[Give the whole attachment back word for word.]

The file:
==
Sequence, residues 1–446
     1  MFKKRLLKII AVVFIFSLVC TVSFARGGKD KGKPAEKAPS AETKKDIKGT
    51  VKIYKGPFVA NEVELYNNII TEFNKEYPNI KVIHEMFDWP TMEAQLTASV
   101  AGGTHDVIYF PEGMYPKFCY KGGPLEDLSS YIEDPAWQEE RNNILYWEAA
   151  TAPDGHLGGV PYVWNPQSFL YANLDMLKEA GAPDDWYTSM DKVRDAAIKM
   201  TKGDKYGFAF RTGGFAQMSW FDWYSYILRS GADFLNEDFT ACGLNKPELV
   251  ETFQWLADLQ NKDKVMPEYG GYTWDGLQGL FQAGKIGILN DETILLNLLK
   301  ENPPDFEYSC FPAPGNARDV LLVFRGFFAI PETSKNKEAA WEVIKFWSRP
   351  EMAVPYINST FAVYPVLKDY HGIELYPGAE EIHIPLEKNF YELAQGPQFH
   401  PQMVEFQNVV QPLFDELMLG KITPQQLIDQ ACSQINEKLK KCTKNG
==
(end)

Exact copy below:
Sequence, residues 1–446
     1  MFKKRLLKII AVVFIFSLVC TVSFARGGKD KGKPAEKAPS AETKKDIKGT
    51  VKIYKGPFVA NEVELYNNII TEFNKEYPNI KVIHEMFDWP TMEAQLTASV
   101  AGGTHDVIYF PEGMYPKFCY KGGPLEDLSS YIEDPAWQEE RNNILYWEAA
   151  TAPDGHLGGV PYVWNPQSFL YANLDMLKEA GAPDDWYTSM DKVRDAAIKM
   201  TKGDKYGFAF RTGGFAQMSW FDWYSYILRS GADFLNEDFT ACGLNKPELV
   251  ETFQWLADLQ NKDKVMPEYG GYTWDGLQGL FQAGKIGILN DETILLNLLK
   301  ENPPDFEYSC FPAPGNARDV LLVFRGFFAI PETSKNKEAA WEVIKFWSRP
   351  EMAVPYINST FAVYPVLKDY HGIELYPGAE EIHIPLEKNF YELAQGPQFH
   401  PQMVEFQNVV QPLFDELMLG KITPQQLIDQ ACSQINEKLK KCTKNG